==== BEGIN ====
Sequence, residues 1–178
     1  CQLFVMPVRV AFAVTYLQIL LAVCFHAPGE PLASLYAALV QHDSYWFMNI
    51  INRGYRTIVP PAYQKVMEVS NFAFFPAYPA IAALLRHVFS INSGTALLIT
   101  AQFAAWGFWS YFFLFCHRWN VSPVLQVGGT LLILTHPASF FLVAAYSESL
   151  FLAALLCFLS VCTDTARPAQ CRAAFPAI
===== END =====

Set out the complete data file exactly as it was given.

Sequence, residues 1–178
     1  CQLFVMPVRV AFAVTYLQIL LAVCFHAPGE PLASLYAALV QHDSYWFMNI
    51  INRGYRTIVP PAYQKVMEVS NFAFFPAYPA IAALLRHVFS INSGTALLIT
   101  AQFAAWGFWS YFFLFCHRWN VSPVLQVGGT LLILTHPASF FLVAAYSESL
   151  FLAALLCFLS VCTDTARPAQ CRAAFPAI